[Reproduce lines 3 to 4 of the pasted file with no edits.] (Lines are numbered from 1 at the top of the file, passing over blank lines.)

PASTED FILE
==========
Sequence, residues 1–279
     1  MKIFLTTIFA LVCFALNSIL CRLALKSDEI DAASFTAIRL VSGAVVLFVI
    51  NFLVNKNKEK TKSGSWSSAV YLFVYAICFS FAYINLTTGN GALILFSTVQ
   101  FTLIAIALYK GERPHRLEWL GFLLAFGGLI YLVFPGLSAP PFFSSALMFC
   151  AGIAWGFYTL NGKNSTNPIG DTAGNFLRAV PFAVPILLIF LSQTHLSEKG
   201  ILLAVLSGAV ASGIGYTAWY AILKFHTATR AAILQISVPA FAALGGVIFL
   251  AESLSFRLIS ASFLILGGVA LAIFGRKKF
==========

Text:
    51  NFLVNKNKEK TKSGSWSSAV YLFVYAICFS FAYINLTTGN GALILFSTVQ
   101  FTLIAIALYK GERPHRLEWL GFLLAFGGLI YLVFPGLSAP PFFSSALMFC